SPARTANBURG, S.C. (WSPA) — With the holidays around the corner, leaders at the South Carolina Department of Consumer Affairs are sharing tips so shoppers can avoid becoming a victim of scams.

In 2021, the Federal Trade Commission reported more than 2.8 million fraud reports. Online shopping was one of the top categories reported, with consumers losing nearly $400 million.

“If it seems too good to be true, then it probably is,” said Carri Crube Lybarker, a SCDCA administrator and consumer advocate.

For people who plan to shop online, she encourages people to be wary of great deals. Lybarker said scammers draw shoppers in with low prices, then try to steal their personal information. She said people can look for red flags like spelling errors and requests for strange payment methods like cryptocurrency or wire transfers. Scammers may also target people through fake emails or text messages, asking them to use a link to verify a delivery date or payment.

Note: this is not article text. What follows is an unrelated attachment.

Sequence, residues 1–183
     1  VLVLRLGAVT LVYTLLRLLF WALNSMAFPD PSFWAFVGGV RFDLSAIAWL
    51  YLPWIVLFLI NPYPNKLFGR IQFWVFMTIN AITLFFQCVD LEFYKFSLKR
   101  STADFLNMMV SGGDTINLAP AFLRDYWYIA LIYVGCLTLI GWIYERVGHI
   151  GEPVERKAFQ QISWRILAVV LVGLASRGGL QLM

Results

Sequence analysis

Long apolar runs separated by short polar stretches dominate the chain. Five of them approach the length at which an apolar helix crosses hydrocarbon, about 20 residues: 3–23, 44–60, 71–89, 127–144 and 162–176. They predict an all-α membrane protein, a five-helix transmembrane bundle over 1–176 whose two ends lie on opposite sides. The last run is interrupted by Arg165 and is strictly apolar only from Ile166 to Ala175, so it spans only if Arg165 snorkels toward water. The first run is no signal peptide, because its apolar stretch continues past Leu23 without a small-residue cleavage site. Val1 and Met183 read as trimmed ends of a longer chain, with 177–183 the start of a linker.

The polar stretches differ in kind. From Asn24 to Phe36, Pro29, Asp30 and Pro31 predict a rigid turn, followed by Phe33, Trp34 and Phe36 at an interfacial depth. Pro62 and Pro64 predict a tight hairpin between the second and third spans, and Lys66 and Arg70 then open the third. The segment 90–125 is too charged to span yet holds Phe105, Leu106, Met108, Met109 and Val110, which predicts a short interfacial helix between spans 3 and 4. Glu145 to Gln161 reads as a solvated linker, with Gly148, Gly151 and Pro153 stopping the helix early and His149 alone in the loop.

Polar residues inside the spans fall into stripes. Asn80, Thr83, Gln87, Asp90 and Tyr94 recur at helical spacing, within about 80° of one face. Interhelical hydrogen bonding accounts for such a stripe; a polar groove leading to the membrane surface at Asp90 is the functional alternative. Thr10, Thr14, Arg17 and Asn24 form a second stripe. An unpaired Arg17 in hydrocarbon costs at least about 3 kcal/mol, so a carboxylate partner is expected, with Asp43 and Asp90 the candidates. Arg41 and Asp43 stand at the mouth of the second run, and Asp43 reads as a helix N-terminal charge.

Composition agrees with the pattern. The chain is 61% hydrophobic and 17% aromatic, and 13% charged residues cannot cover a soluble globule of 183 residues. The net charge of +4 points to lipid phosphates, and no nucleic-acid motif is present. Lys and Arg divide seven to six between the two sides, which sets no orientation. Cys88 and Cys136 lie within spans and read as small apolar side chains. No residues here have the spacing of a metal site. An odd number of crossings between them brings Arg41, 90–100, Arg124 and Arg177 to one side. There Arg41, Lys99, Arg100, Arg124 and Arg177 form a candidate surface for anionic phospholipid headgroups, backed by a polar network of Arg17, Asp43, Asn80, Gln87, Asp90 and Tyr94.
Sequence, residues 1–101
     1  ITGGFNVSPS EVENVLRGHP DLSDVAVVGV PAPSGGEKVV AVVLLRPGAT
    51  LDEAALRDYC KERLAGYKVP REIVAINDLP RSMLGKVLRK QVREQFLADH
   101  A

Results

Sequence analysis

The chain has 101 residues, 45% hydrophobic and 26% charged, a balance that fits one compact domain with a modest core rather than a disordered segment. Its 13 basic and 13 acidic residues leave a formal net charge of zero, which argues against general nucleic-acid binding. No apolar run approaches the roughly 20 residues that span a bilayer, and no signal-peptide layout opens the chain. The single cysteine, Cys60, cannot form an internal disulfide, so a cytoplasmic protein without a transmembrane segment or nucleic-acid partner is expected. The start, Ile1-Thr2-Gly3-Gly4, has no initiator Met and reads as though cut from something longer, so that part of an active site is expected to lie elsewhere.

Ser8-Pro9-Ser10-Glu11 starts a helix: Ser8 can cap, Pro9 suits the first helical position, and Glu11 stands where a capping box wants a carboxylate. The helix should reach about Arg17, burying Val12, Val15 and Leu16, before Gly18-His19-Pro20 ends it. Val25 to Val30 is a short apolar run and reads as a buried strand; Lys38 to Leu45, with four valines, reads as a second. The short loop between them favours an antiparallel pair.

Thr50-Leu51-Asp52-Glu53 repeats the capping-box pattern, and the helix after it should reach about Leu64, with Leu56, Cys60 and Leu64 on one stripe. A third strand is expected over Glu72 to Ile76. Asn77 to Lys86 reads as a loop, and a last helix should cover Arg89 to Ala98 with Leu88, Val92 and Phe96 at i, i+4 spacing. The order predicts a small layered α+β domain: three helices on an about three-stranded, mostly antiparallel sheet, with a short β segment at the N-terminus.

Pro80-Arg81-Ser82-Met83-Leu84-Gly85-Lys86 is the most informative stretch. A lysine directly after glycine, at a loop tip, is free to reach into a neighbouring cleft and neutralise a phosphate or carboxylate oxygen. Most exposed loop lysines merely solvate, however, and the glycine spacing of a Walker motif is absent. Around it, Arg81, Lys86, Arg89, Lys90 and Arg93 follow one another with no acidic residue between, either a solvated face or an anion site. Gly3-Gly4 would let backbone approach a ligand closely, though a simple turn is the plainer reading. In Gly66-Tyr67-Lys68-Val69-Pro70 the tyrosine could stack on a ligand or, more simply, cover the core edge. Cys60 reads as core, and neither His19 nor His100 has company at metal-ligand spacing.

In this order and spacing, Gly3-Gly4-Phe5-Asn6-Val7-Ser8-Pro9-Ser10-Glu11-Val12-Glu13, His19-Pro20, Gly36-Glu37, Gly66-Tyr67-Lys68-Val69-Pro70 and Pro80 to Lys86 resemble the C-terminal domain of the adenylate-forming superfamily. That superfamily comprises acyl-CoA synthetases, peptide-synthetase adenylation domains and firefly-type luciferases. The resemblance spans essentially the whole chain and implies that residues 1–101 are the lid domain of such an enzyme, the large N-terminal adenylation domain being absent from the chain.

“The kicker is when you kick on that particular link, it may open up a website that asks you to enter personal information, they may install malware onto your computer or your phone,” said Lybarker.

She also said when people place a legitimate order, be specific in delivery instructions.

“If you’re expecting a package, we encourage you to require a signature for delivery or if you can have the package deliver to your office or another location,” said Lybarker.

She said it can help prevent thieves from taking a package from peoples home or doorstep.

While this time of year is know as the season of giving, Lybarker said for scammers, it’s an opportunity to take advantage. She said people should be mindful of potential fake charities and always ask for information about where a donation will go and use a legitimate form of payment.

“Most of those charities are going to ask for payments like check, credit card payments, and you want those kinds of payments so if it’s tax deductible you have that receipt for that,” said Lybarker.

Consumer advocates said people should regularly monitor bank statements for potential fraud. They also said if people can pay with a credit card, it could add a layer of security, and prevent scammers from finding personal banking information.

For people who think they may be a victim of a holiday scam, they can file a report. People can head to the Department of Consumer Affairs’ website at or call 800-922-1594.